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In collaboration with the Institute of Energy Economics, Japan

The Atlantic Council Global Energy Center and the Institute of Energy Economics, Japan, looks forward to your participation in a private workshop on the future of carbon border adjustment (CBA) mechanisms. George David Banks, chief strategist for the minority on the US House of Representatives’ Climate Select Committee, will offer a brief presentation to contextualize the discussion (additional speakers to be announced). The meeting will take place via Zoom, on Wednesday, December 9th, at 8:00 am EST / 10:00 pm JST. Please register below to receive Zoom information.

An increasing sense of urgency to reduce carbon emissions around the world has led to a demand for bold new approaches to decarbonize the economy. New policy tools designed to change how global industry and trade track and manage their emissions are now being considered an essential part of the picture, in tandem with the decarbonization of energy resources. CBA mechanisms are one such policy, with significant potential to not just reshape emissions tracking, but to transform global trade.

While ambitious and well-intentioned, in practice, the design, implementation, and reaction to CBA mechanisms present huge challenges not just within a country’s borders, but with a constellation of allies, partners, and other stakeholders from around the world. CBA mechanisms must also cover multiple sectors including energy, shipping, and manufacturing, avoid discrimination based on inaccurate data, and empower regulatory bodies with sufficient tools to accurately measure, report, and transparently price carbon – presenting an additional policy challenge. Amidst all of this, the design and policy nuance of CBAs will influence how global markets shift and respond to new trade flows, with consequences for geopolitical and geo-economic partnerships around the world.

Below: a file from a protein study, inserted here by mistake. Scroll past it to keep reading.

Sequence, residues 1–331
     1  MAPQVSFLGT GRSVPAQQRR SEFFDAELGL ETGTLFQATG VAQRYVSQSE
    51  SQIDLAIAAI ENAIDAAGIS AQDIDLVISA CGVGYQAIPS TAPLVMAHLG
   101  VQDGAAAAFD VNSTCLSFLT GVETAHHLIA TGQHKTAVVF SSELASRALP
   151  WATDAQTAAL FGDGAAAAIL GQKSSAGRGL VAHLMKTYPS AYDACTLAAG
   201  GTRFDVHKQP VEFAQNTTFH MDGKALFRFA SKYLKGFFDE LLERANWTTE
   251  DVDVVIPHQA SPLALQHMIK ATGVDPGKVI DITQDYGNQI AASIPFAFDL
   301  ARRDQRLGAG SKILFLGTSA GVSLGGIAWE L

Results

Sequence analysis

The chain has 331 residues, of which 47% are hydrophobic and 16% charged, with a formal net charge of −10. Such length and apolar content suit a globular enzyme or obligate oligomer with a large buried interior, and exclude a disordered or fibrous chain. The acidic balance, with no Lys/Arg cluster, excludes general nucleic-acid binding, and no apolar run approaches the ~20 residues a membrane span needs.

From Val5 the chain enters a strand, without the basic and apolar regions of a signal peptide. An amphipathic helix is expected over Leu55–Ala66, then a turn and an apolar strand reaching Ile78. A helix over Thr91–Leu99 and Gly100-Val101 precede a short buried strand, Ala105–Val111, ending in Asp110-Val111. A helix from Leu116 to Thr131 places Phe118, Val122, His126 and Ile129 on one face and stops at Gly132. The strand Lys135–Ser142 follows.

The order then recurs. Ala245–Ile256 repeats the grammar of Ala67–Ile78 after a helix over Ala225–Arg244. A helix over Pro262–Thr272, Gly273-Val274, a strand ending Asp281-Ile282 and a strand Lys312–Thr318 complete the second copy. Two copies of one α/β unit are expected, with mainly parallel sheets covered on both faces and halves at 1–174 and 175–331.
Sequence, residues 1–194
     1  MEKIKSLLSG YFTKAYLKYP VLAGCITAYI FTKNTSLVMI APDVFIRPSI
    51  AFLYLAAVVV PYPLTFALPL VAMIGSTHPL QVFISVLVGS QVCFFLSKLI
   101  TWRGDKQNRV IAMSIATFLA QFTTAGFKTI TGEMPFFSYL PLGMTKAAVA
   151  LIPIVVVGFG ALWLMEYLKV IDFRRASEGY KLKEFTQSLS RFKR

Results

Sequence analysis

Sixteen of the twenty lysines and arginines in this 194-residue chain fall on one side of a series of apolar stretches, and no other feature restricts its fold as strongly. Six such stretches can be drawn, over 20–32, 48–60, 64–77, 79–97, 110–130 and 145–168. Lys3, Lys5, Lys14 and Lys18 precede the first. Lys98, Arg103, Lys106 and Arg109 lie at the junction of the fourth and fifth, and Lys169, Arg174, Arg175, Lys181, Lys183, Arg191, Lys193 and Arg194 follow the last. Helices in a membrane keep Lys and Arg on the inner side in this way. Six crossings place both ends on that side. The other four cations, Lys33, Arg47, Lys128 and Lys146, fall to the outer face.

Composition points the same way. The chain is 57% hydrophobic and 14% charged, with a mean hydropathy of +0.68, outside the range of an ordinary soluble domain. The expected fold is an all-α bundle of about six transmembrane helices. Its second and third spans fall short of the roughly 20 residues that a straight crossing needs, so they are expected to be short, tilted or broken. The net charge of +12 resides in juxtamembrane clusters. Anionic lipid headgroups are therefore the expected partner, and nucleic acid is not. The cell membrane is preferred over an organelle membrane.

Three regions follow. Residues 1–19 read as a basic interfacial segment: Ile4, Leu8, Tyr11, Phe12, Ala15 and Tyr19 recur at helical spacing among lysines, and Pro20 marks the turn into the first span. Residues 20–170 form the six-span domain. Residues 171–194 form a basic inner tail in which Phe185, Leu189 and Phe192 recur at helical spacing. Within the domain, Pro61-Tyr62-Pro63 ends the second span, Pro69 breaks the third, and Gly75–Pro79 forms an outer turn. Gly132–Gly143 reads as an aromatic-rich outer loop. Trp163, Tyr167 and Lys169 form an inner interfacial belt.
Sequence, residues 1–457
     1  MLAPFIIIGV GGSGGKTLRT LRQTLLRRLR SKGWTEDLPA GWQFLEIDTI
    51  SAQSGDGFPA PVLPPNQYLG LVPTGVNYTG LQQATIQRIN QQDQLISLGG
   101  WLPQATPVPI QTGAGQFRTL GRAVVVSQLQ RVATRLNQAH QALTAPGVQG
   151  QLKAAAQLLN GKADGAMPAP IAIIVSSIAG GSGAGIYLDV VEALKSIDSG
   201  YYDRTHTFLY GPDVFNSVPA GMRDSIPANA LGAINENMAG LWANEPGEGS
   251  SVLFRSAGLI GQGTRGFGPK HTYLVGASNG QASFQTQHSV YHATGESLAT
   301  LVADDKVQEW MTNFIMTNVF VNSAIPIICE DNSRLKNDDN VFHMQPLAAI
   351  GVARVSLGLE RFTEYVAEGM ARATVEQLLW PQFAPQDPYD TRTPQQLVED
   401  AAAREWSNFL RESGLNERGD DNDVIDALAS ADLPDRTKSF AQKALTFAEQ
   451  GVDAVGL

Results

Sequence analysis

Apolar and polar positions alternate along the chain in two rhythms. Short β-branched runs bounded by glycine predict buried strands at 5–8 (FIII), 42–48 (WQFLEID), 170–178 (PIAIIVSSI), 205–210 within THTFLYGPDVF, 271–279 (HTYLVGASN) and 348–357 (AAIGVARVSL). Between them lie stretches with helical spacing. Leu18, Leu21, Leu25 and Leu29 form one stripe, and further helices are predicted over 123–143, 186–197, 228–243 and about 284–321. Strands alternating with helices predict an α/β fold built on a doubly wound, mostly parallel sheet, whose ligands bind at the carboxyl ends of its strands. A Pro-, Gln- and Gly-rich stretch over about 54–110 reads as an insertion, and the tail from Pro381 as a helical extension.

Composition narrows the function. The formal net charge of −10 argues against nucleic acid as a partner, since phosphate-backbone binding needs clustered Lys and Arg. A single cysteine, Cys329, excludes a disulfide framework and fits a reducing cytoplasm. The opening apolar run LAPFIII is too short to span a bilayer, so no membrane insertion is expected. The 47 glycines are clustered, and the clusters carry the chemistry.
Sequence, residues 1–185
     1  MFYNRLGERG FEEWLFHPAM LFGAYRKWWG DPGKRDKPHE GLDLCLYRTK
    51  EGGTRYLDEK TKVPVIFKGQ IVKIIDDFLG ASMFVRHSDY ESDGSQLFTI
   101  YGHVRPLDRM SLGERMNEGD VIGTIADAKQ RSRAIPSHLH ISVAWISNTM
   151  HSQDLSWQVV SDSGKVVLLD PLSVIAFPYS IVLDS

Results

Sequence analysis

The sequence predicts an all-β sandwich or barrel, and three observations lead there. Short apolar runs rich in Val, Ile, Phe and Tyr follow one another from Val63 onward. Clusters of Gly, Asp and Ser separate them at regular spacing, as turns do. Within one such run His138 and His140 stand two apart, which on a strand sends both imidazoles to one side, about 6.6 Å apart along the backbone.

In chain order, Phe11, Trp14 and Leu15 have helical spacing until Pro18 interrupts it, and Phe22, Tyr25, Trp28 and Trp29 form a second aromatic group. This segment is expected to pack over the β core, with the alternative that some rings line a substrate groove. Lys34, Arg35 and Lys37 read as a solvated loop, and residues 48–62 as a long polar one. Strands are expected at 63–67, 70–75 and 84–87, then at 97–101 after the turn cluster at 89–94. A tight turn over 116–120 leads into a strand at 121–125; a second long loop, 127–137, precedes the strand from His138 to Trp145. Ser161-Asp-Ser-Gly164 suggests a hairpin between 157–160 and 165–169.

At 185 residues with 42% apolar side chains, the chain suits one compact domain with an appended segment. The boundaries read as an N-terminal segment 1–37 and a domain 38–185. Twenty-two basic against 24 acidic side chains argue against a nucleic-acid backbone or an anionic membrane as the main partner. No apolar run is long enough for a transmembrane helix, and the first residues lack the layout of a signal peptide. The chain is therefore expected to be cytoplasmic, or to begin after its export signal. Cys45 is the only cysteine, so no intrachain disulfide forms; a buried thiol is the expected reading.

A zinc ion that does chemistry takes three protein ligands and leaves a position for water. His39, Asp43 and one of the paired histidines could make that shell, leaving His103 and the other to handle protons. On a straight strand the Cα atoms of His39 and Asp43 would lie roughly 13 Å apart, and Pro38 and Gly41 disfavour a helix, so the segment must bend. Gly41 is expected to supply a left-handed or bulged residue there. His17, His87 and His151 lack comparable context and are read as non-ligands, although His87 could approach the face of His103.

This workshop will examine the challenges facing the design and implementation of CBA mechanisms. How can they be optimized to facilitate emissions reduction without sacrificing or significantly constraining global trade? Though the European Carbon Border Adjustment will likely grow out of the EU’s existing Emissions Trading System, what other models exist, and which approaches might best balance emissions, trade, and climate goals?

You will be able to join this conversation via the web application Zoom, which is accessible through your web browser, the Zoom desktop or mobile app, and by phone. Please register below in order to receive Zoom information.